The Statistics Seminar speaker for Wednesday, April 21, 2021, is Lucas Janson. Janson is an assistant professor in the department of statistics and an affiliate in computer science at Harvard University. He works on high-dimensional inference and statistical machine learning, and recently received the NSF CAREER Award. Dr. Janson received his Ph.D. in statistics from Stanford University in 2017 and was advised by Emmanuel Candès.
Talk: Floodgate: inference for model-free variable importance
Zoom details will be shared via email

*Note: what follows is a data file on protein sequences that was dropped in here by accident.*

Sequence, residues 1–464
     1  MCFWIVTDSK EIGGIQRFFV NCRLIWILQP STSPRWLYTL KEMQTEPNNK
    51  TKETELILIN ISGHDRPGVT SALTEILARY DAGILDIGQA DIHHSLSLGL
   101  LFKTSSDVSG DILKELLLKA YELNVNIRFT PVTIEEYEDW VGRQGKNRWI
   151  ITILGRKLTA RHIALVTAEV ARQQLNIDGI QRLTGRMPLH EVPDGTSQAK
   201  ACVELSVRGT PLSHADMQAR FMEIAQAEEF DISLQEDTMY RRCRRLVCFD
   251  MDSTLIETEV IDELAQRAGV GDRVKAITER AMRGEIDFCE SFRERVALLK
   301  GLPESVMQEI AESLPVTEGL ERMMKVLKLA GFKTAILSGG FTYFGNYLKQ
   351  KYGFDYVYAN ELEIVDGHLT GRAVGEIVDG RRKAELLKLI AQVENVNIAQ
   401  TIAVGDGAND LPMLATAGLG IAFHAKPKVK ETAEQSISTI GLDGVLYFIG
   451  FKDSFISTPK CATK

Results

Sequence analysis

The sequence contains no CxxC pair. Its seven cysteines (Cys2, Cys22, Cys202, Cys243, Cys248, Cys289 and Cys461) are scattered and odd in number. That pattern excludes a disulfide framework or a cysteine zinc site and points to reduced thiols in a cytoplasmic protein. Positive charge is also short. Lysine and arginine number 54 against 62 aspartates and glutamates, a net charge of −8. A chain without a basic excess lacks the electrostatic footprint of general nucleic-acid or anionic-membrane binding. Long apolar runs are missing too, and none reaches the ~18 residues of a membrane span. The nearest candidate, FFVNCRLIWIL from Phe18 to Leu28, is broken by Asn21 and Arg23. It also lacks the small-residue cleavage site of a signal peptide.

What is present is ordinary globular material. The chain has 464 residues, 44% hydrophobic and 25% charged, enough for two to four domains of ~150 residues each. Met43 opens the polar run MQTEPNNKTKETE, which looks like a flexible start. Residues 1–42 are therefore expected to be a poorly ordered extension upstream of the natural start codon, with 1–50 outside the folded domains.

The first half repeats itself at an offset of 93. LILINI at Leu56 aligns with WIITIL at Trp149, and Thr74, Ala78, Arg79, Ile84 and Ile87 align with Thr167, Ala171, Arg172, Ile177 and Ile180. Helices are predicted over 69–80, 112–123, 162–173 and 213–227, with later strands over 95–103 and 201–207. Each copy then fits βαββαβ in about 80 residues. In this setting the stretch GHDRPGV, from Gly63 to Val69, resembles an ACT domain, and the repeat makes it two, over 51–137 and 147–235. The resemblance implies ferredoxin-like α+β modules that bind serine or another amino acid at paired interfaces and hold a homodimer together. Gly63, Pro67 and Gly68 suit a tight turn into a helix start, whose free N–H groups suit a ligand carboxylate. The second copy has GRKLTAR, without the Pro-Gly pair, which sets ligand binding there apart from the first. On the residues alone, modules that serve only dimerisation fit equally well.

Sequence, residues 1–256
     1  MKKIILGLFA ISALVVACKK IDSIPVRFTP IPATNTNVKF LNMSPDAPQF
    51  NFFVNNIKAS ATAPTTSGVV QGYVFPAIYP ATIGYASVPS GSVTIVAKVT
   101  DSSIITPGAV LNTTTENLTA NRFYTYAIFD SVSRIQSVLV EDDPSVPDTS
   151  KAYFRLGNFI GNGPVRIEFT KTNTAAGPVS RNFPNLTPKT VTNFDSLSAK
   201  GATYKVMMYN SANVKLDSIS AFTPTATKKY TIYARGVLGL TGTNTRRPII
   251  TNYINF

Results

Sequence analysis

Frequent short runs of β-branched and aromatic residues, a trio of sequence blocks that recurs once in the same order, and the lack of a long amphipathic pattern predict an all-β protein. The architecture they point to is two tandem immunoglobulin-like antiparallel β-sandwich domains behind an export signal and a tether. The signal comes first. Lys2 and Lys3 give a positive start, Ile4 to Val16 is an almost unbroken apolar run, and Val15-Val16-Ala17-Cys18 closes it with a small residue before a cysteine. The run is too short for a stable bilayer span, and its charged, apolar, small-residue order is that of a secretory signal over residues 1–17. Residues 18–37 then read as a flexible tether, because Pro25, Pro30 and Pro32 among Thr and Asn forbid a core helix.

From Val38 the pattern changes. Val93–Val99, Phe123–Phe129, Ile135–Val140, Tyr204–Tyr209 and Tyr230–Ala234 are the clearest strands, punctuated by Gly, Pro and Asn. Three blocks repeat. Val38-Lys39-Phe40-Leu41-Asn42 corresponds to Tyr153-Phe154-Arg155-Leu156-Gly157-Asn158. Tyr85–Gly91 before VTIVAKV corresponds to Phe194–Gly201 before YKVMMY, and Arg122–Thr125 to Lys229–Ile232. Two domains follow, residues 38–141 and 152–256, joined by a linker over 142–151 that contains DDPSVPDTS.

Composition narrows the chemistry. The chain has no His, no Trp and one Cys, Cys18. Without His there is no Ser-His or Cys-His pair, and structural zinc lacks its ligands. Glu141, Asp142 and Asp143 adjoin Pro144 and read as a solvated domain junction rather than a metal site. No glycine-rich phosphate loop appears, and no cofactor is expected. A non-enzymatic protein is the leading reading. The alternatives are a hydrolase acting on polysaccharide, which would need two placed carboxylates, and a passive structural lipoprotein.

Abstract: Many modern applications seek to understand the relationship between an outcome variable Y and a covariate X in the presence of confounding variables Z = (Z_1,...,Z_p). Although much attention has been paid to testing whether Y depends on X given Z, in this paper we seek to go beyond testing by inferring the strength of that dependence. We first define our estimand, the minimum mean squared error (mMSE) gap, which quantifies the conditional relationship between Y and X in a way that is deterministic, model-free, interpretable, and sensitive to nonlinearities and interactions. We then propose a new inferential approach called floodgate that can leverage any regression function chosen by the user (including those fitted by state-of-the-art machine learning algorithms or derived from qualitative domain knowledge) to construct asymptotic confidence bounds, and we apply it to the mMSE gap. In addition to proving floodgate’s asymptotic validity, we rigorously quantify its accuracy (distance from confidence bound to estimand) and robustness. We demonstrate floodgate’s performance in a series of simulations and apply it to data from the UK Biobank to infer the strengths of dependence of platelet count on various groups of genetic mutations. This is joint work with my PhD student Lu Zhang, and the associated paper can be found at https://arxiv.org/abs/2007.01283.